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Gonzalez v. Colvin

United States District Court, W.D. New York

February 23, 2018

CAROLYN W. COLVIN, Acting Commissioner of Social Security, Defendant.




         Luis Gonzalez (“Plaintiff”), represented by counsel, brings this action pursuant to Titles II and XVI of the Social Security Act (“the Act”), seeking review of the final decision of the Acting Commissioner of Social Security (“Defendant” or “the Commissioner”), [1] denying his applications for Disability Insurance Benefits (“DIB”) and Supplemental Security Income (“SSI”). The Court has jurisdiction over the matter pursuant to 42 U.S.C. §§ 405(g), 1383(c).


         On May 11, 2012, Plaintiff protectively filed applications for DIB and SSI, alleging disability beginning October 31, 2009. These claims were denied initially on July 25, 2012. Plaintiff filed a written request for a hearing, which was held on August 28, 2013 in Buffalo, New York. Administrative Law Judge David Lewandowski (“the ALJ”) presided. David Sypher, an impartial vocational expert (“the VE”), appeared and testified. Plaintiff appeared with his attorney and testified. At the hearing, Plaintiff amended his onset date to February 11, 2011. On April 16, 2014, the ALJ issued an unfavorable decision.[2] Plaintiff's request for review was denied by the Appeals Council on July 2, 2015, making the ALJ's decision the final decision of the Commissioner. Plaintiff then timely commenced this action.


         At step one of the sequential evaluation, the ALJ found that Plaintiff had not engaged in substantial gainful activity since February 11, 2011, the amended alleged onset date. At step two, the ALJ found that Plaintiff had the following “severe” impairments: lumbar protrusion, asthma, major depressive disorder, and left elbow and shoulder tendinitis. At step three, the ALJ determined that Plaintiff's impairments, considered singly or together, did not meet or equal one of the listed impairments in 20 C.F.R. Pt. 404, Subpt. P, App. 1. The ALJ specifically considered Listings 1.04 (disorders of the spine), 3.03 (asthma), 1.02 (major dysfunction of a joint), and 12.04 (affective disorders).

         Prior to proceeding to step four, the ALJ determined that Plaintiff had the residual functional capacity (“RFC”) to perform the exertional requirements of light work as defined in 20 C.F.R. §§ 404.1567(b), 416.967(b), and could frequently perform postural activities; reach, push and pull; must avoid pulmonary irritants; and was able to understand, remember and carry out simple instructions, perform simple tasks, and work in small, familiar groups.

         At step four of the sequential evaluation, the ALJ concluded that Plaintiff had past relevant work (“PRW”) as an assistant manager at Autozone, doing patient intake at a health care center, retail sales at Macy's, and order picking at a corporate services company. However, he was not able to perform the demands of his PRW. Continuing to step five, the ALJ relied on the VE's testimony (T.77-78) to find there were other jobs existing in the national economy that a person of Plaintiff's age, and with his education, work experience, and RFC, could perform the requirements of the following representative occupations: electrical assembler, inspector/hand packager, and mail sorter. Accordingly, the ALJ entered a finding of “not disabled.”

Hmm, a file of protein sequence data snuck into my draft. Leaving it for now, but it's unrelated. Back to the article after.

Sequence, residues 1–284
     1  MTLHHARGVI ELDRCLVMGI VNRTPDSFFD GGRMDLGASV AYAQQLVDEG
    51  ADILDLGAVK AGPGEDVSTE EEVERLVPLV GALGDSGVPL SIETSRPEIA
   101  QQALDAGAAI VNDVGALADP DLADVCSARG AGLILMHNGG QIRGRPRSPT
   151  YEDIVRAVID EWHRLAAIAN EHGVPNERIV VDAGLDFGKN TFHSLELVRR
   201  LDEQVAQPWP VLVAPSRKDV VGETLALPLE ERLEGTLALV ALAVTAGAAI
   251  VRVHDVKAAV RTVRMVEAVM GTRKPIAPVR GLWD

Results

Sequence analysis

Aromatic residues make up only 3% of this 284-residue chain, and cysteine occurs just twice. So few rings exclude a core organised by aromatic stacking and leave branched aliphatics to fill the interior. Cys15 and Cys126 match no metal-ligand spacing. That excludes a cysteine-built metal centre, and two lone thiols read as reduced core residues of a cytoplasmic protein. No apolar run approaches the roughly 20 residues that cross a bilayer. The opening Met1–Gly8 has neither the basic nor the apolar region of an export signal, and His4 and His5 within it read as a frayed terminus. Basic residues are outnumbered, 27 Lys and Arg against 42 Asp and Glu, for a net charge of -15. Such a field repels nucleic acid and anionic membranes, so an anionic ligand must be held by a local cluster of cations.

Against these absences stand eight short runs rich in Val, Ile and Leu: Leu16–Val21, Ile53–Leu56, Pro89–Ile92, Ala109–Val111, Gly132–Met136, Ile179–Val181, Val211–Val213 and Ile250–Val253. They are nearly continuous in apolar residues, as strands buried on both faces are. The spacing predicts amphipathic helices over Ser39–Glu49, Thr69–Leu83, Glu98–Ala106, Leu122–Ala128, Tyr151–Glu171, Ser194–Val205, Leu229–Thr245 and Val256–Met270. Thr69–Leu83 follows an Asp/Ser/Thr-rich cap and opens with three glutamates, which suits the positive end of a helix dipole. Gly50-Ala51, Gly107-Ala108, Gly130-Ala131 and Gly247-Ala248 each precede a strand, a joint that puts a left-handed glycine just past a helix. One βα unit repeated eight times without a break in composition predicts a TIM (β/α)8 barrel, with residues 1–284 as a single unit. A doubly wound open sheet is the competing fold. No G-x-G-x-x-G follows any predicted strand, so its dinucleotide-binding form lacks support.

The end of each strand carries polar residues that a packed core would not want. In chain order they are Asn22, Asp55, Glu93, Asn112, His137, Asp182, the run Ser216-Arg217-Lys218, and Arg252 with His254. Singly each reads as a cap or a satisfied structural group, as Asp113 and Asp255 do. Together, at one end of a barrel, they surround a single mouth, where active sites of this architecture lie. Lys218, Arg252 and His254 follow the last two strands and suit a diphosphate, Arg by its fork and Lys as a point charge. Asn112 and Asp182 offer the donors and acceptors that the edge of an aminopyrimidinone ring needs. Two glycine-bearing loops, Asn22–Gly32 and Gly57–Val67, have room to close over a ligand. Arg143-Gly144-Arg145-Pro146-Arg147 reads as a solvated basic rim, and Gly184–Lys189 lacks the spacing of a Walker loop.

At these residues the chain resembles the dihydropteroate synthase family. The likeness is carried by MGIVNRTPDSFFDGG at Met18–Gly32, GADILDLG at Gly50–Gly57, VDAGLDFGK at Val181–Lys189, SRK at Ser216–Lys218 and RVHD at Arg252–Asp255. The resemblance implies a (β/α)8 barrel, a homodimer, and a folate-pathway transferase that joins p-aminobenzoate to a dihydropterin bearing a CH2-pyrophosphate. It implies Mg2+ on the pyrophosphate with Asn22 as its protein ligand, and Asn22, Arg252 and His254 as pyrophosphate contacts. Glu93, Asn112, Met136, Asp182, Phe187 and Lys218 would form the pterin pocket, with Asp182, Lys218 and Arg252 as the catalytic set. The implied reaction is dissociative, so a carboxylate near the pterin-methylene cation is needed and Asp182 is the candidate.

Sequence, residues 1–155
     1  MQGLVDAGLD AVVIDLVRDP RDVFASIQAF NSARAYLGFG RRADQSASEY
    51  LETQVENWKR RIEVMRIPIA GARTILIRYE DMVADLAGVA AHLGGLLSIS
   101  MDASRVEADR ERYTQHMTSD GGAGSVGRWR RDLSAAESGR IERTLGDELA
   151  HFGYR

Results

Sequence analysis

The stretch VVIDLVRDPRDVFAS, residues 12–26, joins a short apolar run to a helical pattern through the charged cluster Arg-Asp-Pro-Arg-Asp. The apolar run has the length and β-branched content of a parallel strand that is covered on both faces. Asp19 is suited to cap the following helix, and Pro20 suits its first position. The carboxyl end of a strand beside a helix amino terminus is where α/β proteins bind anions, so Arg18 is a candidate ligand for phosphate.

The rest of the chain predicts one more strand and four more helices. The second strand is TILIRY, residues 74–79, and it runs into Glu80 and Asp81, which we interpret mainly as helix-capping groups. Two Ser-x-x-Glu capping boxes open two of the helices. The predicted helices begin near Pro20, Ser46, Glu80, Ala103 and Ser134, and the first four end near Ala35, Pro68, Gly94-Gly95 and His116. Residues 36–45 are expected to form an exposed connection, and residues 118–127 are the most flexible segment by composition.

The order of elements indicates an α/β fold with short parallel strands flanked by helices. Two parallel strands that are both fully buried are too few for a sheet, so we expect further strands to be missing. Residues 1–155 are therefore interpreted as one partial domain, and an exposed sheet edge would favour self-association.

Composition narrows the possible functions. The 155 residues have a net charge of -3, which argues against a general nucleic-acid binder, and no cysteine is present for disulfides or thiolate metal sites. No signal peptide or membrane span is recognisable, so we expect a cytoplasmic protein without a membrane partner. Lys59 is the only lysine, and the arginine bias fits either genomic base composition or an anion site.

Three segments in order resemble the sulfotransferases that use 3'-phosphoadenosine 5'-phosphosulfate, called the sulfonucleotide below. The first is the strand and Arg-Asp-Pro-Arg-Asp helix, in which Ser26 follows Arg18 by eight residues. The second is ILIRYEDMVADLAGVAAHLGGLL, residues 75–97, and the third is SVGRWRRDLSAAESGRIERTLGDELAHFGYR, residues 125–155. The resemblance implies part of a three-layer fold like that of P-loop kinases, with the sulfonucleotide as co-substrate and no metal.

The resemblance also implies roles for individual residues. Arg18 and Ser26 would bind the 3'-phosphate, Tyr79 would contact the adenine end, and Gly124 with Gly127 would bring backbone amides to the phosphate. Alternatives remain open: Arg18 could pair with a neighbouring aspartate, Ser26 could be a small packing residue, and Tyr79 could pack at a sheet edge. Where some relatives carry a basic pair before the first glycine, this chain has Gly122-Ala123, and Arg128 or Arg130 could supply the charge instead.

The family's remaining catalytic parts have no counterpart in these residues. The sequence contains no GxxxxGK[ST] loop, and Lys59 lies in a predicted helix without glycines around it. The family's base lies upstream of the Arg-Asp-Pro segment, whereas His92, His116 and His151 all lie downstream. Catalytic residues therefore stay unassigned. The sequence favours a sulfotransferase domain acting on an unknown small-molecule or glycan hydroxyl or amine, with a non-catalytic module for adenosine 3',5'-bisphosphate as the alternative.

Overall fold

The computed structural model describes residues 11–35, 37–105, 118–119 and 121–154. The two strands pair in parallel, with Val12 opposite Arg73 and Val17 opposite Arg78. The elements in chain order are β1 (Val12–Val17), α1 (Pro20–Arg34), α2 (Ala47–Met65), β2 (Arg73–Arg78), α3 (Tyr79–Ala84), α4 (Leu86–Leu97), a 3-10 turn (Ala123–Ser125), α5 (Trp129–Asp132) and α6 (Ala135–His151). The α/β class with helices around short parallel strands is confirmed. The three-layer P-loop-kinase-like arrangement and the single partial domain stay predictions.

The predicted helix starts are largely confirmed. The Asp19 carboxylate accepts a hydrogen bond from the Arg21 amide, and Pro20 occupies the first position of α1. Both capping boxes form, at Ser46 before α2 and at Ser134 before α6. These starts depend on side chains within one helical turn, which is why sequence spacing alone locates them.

A district court may set aside the Commissioner's determination that a claimant is not disabled only if the factual findings are not supported by “substantial evidence” or if the decision is based on legal error. 42 U.S.C. § 405(g); see also Green-Younger v. Barnhart, 335 F.3d 99, 105-06 (2d Cir. 2003). The district court must accept the Commissioner's findings of fact, provided that such findings are supported by “substantial evidence” in the record. See 42 U.S.C. § 405(g) (the Commissioner's findings “as to any fact, if supported by substantial evidence, shall be conclusive”). “Substantial evidence means ‘such relevant evidence as a reasonable mind might accept as adequate to support a conclusion.'” Shaw v. Chater, 221 F.3d 126, 131 (2d Cir. 2000) (quotation omitted). The reviewing court nevertheless must scrutinize the whole record and examine evidence that supports or detracts from both sides. Tejada v. Apfel, 167 F.3d 770, 774 (2d Cir. 1998) (citation omitted). “The deferential standard of review for substantial evidence does not apply to the Commissioner's conclusions of law.” Byam v. Barnhart, 336 F.3d 172, 179 (2d Cir. 2003) (citing Townley v. Heckler, 748 F.2d 109, 112 (2d Cir. 1984)).


         I. Failure to Develop the Record

         “Because a hearing on disability benefits is a non-adversarial proceeding, the ALJ generally has an affirmative obligation to develop the administrative record.” Perez v. Chater, 77 F.3d 41, 47 (2d Cir. 1996) (citing Echevarria v. Secretary of Health & HumanServs., 685 F.2d 751, 755 (2d Cir. 1982)). “Whether dealing with a pro se claimant or one represented by counsel, the ALJ must ‘develop [the claimant's] complete medical history.'” Lopez v. Comm'r of Soc. Sec., 622 F. App'x 59, 60 (2d Cir. 2015) (summary order) (citing 20 C.F.R. § 404.1512; Perez, 77 F.3d at 47 (describing duty to develop record)). “[T]he agency is required affirmatively to seek out additional evidence only where there are ‘obvious gaps' in the administrative record.” Eusepi v. Colvin, 595 F. App'x 7, 9 (2d Cir. 2014) (summary order) (quoting Rosa v. Callahan, 168 F.3d 72, 79 & n. 5 (2d Cir. 1999)). “[W]where there are no obvious gaps in the administrative record, and where the ALJ already ...

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